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THE CASE FOR CRISPR: CRISPR is the latest technology in gene-editing and has been changing the face of biochemistry for the last decade or so. But how does it work and what exactly can it do? Read on to find out!
SLEEPING LIKE THE DEAD: Ever wondered just how our bodies power down when we go to sleep? Researchers in Japan think they’ve found the answer.
PICTURE OF THE DAY: There’s a new wrestler in sumo town! Only 10 years old, Kyuta Kumagai weighs 85kg and shows great talent for sumo wrestling — but how healthy is it for a 10-year-old to weigh that much?
THE CASE FOR CRISPR
The Big Idea:
CRISPR is the latest technology in gene-editing and has been changing the face of biochemistry for the last decade or so. But how does it work and what exactly can it do? Read on to find out!
Using Ctrl+X on DNA
CRISPR stands for Clustered Regularly Interspaced Short Palindromic Repeats, but is now usually used to refer to CRISPR/Cas9, which is basically a molecular scissors that can find and edit any sequence in a cell’s DNA. Last year, the Nobel Prize in Chemistry went to Emmanuelle Charpentier and Jennifer A. Doudna, who pioneered the use of CRISPR for gene-editing back in 2012.
The possibilities are endless
Because it allows us to rewrite the genes of plants, animals, and anything else with cells, the applications of CRISP are kind of infinite. So many projects have been and are been conducted and these include:
A question of ethics
But as with all breakthroughs in science, there are limits to what CRISPR can, and should, do.
While much work has been done in the past 10 years, there’s still so much scientists don’t know, especially when it comes to the long term effects of gene-editing. New technologies bring about new problems, as shown in these studies which reveal the negative and unforeseen side effects of using CRISPR.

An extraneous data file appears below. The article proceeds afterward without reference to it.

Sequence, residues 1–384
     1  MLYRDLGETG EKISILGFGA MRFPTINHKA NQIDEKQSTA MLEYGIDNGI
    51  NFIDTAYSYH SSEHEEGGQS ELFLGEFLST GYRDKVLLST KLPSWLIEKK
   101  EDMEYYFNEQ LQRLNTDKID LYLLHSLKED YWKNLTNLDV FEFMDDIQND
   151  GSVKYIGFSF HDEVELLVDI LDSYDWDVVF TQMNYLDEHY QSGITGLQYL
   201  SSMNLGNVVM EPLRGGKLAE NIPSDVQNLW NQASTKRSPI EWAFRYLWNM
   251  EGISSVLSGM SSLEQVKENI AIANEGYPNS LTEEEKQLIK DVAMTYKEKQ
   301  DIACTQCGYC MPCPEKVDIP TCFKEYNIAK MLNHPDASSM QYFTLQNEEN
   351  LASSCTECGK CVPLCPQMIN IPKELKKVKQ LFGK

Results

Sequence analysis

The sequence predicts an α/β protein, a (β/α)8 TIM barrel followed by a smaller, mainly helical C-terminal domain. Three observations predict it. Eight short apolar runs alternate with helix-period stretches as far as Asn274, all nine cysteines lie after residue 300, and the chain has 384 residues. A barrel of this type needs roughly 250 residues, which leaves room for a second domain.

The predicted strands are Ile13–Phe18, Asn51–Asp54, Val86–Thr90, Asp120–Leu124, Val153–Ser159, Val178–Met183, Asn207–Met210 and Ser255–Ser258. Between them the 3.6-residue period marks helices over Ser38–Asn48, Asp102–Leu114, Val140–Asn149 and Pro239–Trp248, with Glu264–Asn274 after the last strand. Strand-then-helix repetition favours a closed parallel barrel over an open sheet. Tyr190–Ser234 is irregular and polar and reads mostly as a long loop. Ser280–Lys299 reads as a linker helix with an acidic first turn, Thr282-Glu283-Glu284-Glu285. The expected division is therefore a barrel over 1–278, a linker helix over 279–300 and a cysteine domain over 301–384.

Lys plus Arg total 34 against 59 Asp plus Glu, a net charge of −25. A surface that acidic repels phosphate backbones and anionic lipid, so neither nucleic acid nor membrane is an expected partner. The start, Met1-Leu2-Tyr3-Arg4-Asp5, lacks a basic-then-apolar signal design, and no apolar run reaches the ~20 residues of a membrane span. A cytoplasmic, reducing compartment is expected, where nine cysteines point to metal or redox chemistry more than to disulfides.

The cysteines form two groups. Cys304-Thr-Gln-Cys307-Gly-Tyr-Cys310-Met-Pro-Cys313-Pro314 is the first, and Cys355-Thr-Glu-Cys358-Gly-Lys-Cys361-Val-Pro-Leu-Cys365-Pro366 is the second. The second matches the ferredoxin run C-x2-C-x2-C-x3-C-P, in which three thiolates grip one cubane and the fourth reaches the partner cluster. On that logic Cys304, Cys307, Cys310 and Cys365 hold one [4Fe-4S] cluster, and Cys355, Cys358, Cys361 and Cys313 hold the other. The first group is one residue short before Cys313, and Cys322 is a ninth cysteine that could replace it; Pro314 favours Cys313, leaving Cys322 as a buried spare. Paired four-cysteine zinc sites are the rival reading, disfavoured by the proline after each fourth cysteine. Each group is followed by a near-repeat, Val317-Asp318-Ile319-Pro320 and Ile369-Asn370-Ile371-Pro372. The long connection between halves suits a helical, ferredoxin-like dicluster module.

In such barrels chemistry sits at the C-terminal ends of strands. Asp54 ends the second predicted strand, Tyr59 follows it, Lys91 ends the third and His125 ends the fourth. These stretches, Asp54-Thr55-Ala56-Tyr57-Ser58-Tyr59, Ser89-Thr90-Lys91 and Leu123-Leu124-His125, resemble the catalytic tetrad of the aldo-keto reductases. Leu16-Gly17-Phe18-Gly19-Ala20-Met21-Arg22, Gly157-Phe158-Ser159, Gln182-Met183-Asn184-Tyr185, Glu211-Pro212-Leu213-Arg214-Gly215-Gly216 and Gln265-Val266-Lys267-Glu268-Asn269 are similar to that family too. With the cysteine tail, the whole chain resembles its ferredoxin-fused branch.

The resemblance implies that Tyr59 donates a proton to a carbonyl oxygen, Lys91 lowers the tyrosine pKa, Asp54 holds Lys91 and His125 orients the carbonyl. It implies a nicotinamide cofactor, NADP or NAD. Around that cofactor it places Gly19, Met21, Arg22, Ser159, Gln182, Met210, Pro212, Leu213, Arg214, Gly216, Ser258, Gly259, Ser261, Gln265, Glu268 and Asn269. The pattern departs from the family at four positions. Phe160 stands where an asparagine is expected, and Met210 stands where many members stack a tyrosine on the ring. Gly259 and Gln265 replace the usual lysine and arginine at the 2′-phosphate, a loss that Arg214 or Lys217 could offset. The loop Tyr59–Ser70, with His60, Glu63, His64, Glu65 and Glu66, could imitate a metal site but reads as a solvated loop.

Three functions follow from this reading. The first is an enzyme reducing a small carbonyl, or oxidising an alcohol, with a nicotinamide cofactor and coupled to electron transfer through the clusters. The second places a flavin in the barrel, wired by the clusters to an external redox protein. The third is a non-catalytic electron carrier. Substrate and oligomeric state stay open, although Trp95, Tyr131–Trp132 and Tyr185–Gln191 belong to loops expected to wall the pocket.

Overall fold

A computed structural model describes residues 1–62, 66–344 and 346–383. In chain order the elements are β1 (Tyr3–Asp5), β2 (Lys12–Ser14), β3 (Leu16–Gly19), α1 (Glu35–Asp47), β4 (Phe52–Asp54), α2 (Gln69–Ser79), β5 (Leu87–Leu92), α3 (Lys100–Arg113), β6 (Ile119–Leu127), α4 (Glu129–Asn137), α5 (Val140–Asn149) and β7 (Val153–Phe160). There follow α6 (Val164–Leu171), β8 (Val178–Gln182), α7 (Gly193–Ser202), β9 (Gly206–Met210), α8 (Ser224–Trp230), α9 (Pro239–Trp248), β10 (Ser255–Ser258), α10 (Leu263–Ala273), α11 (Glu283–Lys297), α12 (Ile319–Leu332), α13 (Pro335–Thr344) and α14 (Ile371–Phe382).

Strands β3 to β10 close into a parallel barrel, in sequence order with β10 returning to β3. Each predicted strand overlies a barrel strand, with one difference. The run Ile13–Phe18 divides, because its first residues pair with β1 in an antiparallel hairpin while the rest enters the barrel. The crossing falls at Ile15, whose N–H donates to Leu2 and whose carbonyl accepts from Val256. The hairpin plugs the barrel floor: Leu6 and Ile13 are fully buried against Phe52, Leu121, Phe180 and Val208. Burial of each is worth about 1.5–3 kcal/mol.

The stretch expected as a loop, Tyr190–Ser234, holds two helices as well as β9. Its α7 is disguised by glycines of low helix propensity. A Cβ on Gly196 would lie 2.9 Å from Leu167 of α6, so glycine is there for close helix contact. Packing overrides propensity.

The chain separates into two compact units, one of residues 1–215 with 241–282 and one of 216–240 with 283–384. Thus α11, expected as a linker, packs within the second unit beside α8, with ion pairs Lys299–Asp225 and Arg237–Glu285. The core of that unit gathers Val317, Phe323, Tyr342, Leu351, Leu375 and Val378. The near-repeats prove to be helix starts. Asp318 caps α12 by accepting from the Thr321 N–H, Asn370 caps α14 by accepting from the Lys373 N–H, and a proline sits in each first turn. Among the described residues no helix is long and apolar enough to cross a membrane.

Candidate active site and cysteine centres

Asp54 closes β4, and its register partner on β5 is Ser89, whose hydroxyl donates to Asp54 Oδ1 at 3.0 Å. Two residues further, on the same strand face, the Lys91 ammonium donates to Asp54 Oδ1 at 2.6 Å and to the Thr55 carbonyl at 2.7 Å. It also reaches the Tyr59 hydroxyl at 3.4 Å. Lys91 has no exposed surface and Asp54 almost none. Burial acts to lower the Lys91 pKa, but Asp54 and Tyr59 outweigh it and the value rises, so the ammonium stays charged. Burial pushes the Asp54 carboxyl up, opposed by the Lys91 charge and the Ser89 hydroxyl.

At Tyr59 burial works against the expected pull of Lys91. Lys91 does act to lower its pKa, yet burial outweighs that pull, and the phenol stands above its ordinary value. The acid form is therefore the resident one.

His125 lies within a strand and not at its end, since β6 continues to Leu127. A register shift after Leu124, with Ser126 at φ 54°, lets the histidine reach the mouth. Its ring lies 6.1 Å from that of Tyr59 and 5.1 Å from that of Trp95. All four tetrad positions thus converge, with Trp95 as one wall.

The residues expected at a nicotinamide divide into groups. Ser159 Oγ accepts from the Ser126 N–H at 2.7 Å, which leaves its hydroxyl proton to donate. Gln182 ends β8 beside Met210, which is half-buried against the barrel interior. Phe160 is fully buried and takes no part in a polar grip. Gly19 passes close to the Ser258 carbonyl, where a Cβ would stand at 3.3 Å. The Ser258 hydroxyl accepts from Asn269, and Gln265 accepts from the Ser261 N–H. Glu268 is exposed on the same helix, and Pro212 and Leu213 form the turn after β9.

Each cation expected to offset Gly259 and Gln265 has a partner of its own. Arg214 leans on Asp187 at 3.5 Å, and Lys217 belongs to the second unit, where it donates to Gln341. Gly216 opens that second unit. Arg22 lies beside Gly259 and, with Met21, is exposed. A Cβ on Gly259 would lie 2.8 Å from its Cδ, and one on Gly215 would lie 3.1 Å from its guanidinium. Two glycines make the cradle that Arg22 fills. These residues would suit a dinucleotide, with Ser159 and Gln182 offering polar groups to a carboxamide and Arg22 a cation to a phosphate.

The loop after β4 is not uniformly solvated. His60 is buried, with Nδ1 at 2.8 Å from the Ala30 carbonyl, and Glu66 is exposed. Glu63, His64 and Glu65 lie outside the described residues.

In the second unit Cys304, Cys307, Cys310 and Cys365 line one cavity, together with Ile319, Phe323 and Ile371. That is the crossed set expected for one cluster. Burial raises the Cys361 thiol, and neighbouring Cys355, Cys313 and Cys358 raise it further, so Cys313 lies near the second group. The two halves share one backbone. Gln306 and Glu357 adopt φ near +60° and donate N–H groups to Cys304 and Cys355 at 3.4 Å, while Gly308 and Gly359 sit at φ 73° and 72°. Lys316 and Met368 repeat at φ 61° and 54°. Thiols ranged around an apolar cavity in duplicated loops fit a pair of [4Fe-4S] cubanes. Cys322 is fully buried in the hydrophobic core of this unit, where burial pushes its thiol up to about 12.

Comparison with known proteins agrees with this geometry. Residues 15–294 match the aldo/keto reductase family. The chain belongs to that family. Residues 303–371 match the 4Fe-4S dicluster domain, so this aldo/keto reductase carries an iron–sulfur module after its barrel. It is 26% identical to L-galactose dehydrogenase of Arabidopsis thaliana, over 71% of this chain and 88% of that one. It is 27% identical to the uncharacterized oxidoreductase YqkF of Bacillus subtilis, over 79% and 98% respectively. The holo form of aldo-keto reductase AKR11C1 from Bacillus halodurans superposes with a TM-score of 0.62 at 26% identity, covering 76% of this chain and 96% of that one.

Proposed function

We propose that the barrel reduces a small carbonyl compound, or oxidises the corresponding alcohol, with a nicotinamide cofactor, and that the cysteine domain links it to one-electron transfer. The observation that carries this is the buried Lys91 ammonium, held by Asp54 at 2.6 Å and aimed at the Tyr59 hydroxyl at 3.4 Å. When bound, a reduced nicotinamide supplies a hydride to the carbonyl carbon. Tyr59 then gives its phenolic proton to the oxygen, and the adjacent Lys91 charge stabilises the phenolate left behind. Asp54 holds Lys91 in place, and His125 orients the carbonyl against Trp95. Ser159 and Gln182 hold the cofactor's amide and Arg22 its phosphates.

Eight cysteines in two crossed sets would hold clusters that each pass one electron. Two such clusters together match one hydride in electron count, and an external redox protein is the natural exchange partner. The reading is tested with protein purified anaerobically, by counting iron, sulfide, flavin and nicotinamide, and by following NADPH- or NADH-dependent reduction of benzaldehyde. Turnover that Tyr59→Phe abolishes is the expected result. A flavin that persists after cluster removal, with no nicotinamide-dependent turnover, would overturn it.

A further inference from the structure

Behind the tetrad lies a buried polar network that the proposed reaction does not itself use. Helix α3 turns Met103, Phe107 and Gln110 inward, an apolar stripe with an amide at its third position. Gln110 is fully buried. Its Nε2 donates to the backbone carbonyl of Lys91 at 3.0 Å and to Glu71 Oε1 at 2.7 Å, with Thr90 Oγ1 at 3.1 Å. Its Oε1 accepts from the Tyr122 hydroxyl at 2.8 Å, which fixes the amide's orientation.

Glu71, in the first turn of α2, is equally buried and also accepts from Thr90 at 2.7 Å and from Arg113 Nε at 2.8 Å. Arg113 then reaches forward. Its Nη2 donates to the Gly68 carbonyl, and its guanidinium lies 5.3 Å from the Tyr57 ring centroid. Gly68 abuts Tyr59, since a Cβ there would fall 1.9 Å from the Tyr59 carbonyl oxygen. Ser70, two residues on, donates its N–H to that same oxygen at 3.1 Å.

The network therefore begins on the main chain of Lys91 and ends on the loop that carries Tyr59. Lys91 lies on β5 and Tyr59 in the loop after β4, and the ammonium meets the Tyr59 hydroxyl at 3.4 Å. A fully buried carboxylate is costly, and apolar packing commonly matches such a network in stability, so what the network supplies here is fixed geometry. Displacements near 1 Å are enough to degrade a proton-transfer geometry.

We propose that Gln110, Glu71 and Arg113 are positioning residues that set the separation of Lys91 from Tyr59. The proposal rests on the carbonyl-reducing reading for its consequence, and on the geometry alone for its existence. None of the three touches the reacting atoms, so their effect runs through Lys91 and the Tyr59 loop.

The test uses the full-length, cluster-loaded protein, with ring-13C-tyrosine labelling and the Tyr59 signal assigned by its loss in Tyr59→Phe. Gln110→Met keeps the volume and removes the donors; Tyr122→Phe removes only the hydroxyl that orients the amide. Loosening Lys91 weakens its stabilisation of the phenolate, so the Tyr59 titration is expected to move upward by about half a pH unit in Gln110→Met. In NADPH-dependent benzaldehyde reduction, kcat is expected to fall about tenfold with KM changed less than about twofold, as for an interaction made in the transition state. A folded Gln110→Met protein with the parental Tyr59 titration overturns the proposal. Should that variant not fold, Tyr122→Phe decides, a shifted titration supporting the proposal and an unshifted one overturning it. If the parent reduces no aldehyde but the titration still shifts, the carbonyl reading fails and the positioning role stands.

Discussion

In 2018, a Chinese scientist shocked us all when he announced that he had created the world’s first gene-edited babies, designed to be resistant to HIV. Forgery and deception aside, this was a huge breach of medical ethics, and drew condemnation from scientific communities worldwide.
As the world continues to experiment with CRISPR, the general consensus is to proceed with caution and to keep self-imposed ethics at the forefront of any research.
5 Singaporean stories to catch up on
1️⃣ For safety and for luck: Starting 26 January, every Singaporean household will only be allowed 8 unique visitors a day.
2️⃣ Put on a few pandemic pounds? You’re not the only one! Surveys show that 1 out of 3 Singaporeans gained weight during the Covid-19 pandemic.
3️⃣ Need a life coach for health? Singapore University of Social Sciences will now teach psychology undergrads how to coach patients to take charge of their own health.
4️⃣ Protecting our elders: Senior citizens in Singapore will be able to get a Covid-19 vaccine starting 27 January.
5️⃣ #supportlocal: The newly opened Fairprice supermarket at Parkway Parade has a section dedicated entirely to local produce.
And 5 facts to spice up your life:
1️⃣ Hong Kong’s turn for quarantine: This weekend, thousands of people in Hong Kong have been told to stay home in a 2-day Covid-19 lockdown.
2️⃣ Changing the face of beauty: Some women in the US are embracing the lowered beauty standards brought about by the Covid-19 pandemic.
3️⃣ Poor pigs: A new strain of African swine fever has been identified in Chinese pig farms.
4️⃣ No more cloth masks: Countries in Europe are making the use of medical-grade masks compulsory in order to curb the spread of Covid-19.
5️⃣ A smelly cure for Alzheimers: Research from the Johns Hopkins University School of Medicine shows that hydrogen sulfide may help protect aging brain cells from Alzheimer’s disease.